Many rare mutations and variants have been shown to cause or increase the risk of ASD.6–9 For example, ASD occurs in several clinically defined monogenic and chromosomal disorders (including fragile X, Down, Angelman and Rett syndromes, neurofibromatosis and tuberous sclerosis). No common variants of large effect in ASD have been found10; however, multiple rare variants causing ASD have been identified in research and clinical settings through array comparative genomic hybridisation (CGH) and high-throughput exome and genome sequencing.7–9 11–19 Taking account of genetic causes and other medical/neurodevelopmental conditions, the cause of ASD remains unidentified in ∼70–80% of affected individuals; hence, a substantial proportion of causative loci remains to be identified.6–8

The present study started with the identification of a de novo pericentric inversion of chromosome 22, present in two brothers who both had ASD. Further characterisation of the rearrangement revealed it to be complex, consisting of four separate chromosome 22 breakpoints physically disrupting two genes, TCF20 (encoding transcription factor 20) and TNRC6B (encoding trinucleotide repeat containing 6B), both of which appeared plausible candidates for involvement in ASD. Building on this initial finding, we present additional evidence implicating TCF20 in ASD, based both on the results of resequencing of TCF20 and TNRC6B in samples from the International Molecular Genetic Study of Autism Consortium (IMGSAC) and on the separate identification of an additional TCF20 frameshifting mutation associated with ASD. We propose that precise dosage of TCF20 is important for neurodevelopment, and that functional perturbation of TCF20 confers susceptibility to ASD.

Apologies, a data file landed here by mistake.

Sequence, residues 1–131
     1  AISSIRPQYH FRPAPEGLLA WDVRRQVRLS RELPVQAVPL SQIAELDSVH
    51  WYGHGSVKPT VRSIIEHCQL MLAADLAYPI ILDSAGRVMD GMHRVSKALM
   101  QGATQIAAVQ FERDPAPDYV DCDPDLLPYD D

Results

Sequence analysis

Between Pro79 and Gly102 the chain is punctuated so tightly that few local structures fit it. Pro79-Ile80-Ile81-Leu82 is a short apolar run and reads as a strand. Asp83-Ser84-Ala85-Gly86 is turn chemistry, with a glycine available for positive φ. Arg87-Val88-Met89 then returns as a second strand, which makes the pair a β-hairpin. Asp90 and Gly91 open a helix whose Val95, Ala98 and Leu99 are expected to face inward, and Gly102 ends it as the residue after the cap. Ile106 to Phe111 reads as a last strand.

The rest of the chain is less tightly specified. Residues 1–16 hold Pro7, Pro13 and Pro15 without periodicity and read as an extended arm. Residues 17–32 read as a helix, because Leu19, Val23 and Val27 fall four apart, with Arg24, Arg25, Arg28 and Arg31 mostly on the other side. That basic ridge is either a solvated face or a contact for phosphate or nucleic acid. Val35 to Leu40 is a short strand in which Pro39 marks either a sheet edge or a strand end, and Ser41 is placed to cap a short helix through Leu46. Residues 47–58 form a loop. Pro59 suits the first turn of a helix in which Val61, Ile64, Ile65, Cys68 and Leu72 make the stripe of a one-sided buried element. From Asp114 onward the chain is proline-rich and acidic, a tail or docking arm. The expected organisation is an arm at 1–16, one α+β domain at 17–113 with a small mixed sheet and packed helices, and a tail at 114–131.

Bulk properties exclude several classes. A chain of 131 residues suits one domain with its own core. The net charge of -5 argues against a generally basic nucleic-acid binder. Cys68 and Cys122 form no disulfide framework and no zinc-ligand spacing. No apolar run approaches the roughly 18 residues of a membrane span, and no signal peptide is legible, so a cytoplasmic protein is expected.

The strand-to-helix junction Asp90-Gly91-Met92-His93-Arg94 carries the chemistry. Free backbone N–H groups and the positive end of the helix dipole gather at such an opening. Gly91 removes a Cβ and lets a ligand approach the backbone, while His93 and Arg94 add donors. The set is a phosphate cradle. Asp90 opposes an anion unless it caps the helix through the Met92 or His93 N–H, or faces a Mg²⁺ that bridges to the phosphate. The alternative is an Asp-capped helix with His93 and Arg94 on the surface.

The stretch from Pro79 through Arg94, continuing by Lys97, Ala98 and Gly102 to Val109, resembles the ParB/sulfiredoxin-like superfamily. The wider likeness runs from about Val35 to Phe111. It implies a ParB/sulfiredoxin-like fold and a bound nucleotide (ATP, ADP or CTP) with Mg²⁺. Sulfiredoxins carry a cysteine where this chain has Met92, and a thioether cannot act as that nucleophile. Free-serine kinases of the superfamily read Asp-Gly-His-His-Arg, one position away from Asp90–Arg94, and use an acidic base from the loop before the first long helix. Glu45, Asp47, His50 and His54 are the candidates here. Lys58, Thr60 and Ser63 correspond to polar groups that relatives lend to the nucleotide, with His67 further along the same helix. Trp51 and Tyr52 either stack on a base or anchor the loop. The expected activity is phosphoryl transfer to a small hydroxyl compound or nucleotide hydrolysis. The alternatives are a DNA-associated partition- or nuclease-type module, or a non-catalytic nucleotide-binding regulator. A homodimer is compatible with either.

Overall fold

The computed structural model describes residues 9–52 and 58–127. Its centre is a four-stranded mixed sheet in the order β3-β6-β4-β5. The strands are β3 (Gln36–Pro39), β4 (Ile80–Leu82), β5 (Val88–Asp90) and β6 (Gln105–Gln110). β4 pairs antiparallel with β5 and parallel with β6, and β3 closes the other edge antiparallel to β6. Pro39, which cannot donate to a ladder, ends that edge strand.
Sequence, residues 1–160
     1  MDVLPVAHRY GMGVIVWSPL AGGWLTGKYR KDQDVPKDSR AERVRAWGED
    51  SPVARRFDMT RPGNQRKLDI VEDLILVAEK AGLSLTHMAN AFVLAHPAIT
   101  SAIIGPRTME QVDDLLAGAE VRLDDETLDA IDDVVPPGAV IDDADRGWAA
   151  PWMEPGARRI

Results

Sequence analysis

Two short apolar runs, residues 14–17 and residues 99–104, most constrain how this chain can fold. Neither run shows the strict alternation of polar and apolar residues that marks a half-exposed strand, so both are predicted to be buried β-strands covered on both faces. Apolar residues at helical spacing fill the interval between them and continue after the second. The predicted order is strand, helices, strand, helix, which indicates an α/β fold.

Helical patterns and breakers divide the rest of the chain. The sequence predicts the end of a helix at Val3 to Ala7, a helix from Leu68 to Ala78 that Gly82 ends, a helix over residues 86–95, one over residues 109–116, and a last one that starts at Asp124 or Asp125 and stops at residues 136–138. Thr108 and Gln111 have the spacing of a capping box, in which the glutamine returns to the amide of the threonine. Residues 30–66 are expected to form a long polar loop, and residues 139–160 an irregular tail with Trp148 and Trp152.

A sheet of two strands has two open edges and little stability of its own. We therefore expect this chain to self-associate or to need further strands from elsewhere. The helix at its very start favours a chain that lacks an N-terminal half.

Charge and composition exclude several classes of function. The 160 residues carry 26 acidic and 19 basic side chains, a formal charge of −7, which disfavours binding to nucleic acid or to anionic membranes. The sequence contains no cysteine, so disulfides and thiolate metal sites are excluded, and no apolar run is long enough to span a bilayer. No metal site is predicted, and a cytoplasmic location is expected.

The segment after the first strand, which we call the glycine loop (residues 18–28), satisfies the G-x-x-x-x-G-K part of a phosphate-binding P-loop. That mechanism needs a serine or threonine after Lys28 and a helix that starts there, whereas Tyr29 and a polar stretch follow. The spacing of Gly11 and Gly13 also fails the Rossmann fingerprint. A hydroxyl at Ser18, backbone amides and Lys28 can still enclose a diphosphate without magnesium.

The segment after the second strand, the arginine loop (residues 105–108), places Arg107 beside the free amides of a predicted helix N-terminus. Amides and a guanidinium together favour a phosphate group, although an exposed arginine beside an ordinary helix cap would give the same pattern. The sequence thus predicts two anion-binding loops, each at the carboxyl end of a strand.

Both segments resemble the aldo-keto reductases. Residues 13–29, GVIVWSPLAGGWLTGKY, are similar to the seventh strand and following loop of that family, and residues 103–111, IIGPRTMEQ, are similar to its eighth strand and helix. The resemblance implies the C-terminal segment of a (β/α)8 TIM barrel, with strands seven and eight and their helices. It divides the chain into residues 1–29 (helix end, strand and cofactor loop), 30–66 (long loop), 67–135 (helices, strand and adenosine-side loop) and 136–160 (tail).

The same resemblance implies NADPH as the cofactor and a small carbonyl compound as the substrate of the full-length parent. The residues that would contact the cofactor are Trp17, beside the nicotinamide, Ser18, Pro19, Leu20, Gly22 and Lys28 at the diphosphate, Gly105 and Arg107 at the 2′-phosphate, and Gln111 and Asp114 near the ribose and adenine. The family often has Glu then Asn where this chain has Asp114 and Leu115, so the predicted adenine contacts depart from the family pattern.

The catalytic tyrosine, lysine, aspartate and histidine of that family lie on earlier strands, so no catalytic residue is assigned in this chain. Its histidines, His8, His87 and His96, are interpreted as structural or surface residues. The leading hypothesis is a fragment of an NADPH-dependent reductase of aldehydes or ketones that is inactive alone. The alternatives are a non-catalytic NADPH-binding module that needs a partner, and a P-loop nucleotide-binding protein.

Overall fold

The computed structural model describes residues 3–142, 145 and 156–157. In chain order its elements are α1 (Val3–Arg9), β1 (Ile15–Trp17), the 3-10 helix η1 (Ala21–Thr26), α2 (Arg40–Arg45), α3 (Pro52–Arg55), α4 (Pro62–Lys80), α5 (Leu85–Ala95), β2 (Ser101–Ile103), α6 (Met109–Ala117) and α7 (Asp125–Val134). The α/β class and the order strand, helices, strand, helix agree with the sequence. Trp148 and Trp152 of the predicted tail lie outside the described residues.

Materials and methods

Patient ascertainment and diagnostic studies